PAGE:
Sister Wives Stars File Suit to Legalize Polygamy

Tomorrow in Salt Lake City, legal scholar and George Washington University law professor Jonathan Turley will file suit to challenge Utah statutes criminalizing cohabitation and bigamy. The plaintiffs in the suit? Kody Brown and his four wives, stars of the reality show Sister Wives.

Turley is expected to argue for the decriminalization of polygamy by citing Lawrence v. Texas, the 2003 US Supreme Court decision that decriminalized sodomy on the grounds that states should not interfere with the intimate behavior of consenting adults. The ultimate aim of the suit? Overturning the infamous Reynolds decision of 1878 which decried polygamy as a “despotic” “Oriental” practice unsuitable for American society. 

Tens of thousands of Utahns today continue to form and live in polygamous family groupings. Dozens of religious groups tracing their roots to the nineteenth-century Mormon movement founded by Joseph Smith continue to teach that polygamous marriage is a sacred rite necessary to the eternal well-being of the soul. Thousands of “independent” polygamists not affiliated with any of these fundamentalist Mormon movements also practice polygamy, many living in suburban areas of the Salt Lake Valley.

But the question of polygamy also remains wide open for millions of members of the Church of Jesus Christ of Latter-day Saints worldwide. The mainstream LDS Church publicly disavowed the practice of polygamy in this life in 1890, but it has never officially disavowed the doctrine that plural marriage is required to enter the highest levels of heaven. Mainstream LDS men who are widowed and remarry continue to be “sealed” or married for the eternities to multiple wives, while mainstream LDS women may not be married or “sealed” for the eternities to more than one man. To this day, mainstream LDS communities are quietly (and sometimes not so quietly) divided on whether or not polygamy will be a fact of life in heaven. The issue carries tremendous tension for LDS women especially, as blogger Jana Riess observed in an essay entitled “My Polygamous Heaven… Not” published last week. With references to Joseph Smith’s and Brigham Young’s own plural marriages now expunged from many LDS lesson manuals, some younger Mormons have limited awareness of the Church’s history with polygamy. Even contemporary Church leaders have routinely stated that polygamy was practiced by a tiny fraction of nineteenth-century Utah Mormons, 2 to 5%, a number that Riess notes is an “error.” At least 20-30% of Mormons—mostly from the “elite” segments of Mormon society—practiced plural marriage in the late nineteenth century.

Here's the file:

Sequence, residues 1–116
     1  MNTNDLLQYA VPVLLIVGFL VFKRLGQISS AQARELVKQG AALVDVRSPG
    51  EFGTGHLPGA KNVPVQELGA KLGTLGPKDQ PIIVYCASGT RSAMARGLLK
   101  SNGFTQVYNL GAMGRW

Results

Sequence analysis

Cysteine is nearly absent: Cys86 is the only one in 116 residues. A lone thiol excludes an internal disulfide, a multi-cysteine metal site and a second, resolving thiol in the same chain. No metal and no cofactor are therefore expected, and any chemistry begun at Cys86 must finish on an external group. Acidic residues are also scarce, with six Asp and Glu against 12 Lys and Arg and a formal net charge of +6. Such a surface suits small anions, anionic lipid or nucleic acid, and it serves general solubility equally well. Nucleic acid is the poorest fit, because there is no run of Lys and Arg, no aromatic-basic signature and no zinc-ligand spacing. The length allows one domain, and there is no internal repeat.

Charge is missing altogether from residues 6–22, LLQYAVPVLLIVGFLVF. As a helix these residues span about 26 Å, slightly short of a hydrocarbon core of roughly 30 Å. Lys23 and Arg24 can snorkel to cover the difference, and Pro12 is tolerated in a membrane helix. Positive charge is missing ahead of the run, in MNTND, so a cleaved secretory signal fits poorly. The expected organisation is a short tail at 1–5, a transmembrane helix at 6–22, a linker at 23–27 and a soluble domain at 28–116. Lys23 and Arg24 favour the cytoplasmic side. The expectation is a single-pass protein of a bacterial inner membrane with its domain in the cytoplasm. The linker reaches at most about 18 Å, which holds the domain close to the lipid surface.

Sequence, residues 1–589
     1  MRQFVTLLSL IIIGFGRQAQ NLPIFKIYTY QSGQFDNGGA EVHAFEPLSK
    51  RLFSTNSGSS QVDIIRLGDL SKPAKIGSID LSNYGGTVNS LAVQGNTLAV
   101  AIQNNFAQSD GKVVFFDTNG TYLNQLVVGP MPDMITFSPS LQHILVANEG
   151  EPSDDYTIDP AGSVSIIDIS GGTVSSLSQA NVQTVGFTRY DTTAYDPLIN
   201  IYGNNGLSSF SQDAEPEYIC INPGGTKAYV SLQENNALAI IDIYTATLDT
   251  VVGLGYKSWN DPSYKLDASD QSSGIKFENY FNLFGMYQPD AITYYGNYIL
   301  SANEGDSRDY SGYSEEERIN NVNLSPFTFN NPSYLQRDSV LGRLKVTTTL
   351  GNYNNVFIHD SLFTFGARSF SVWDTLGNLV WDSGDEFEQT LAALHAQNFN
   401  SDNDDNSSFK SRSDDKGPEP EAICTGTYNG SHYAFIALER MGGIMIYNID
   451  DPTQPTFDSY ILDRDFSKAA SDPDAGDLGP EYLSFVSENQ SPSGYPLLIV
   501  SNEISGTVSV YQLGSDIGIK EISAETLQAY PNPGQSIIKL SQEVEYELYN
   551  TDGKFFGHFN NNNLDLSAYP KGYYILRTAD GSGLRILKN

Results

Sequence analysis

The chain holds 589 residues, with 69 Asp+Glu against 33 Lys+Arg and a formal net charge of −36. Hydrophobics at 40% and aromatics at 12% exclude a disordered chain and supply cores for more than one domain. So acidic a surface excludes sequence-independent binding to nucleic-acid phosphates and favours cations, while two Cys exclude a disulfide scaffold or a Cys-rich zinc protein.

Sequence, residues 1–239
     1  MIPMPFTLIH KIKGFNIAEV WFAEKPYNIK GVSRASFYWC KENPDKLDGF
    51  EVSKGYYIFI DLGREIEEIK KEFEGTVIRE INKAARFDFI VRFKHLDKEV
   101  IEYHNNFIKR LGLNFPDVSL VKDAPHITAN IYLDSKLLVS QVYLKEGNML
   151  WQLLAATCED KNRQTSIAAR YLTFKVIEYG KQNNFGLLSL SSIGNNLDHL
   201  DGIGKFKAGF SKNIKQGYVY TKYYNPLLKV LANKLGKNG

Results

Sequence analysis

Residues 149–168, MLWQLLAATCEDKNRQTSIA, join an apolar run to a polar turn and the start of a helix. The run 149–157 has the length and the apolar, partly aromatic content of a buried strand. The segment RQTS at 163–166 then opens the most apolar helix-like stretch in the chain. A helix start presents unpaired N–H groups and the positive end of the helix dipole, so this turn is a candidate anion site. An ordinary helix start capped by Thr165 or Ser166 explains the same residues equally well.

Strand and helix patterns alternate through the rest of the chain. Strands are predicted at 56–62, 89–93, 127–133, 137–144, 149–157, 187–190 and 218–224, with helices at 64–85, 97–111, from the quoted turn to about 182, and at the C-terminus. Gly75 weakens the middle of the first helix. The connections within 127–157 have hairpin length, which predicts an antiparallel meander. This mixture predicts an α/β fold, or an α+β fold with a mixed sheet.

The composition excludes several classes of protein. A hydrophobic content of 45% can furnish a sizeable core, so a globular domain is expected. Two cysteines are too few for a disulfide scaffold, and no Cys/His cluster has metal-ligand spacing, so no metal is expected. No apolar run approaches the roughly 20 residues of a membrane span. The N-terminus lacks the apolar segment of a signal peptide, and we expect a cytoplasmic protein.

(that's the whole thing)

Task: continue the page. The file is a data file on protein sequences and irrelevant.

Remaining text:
Offshoot Mormon polygamous groups in Utah are looking to the Brown case to bring dignity to their families after decades of living more or less “on the underground” and relief from state harassment. But the case is also raising questions among mainstream LDS people. If the illegality of polygamy under the Reynolds decision was a major spur to the LDS Church’s official disavowal of polygamy in the late nineteenth century, how will the LDS Church respond if polygamy is decriminalized?

The Brown lawsuit promises to bring new attention to the matter of polygamy—an issue that is far from settled even in mainstream LDS communities.

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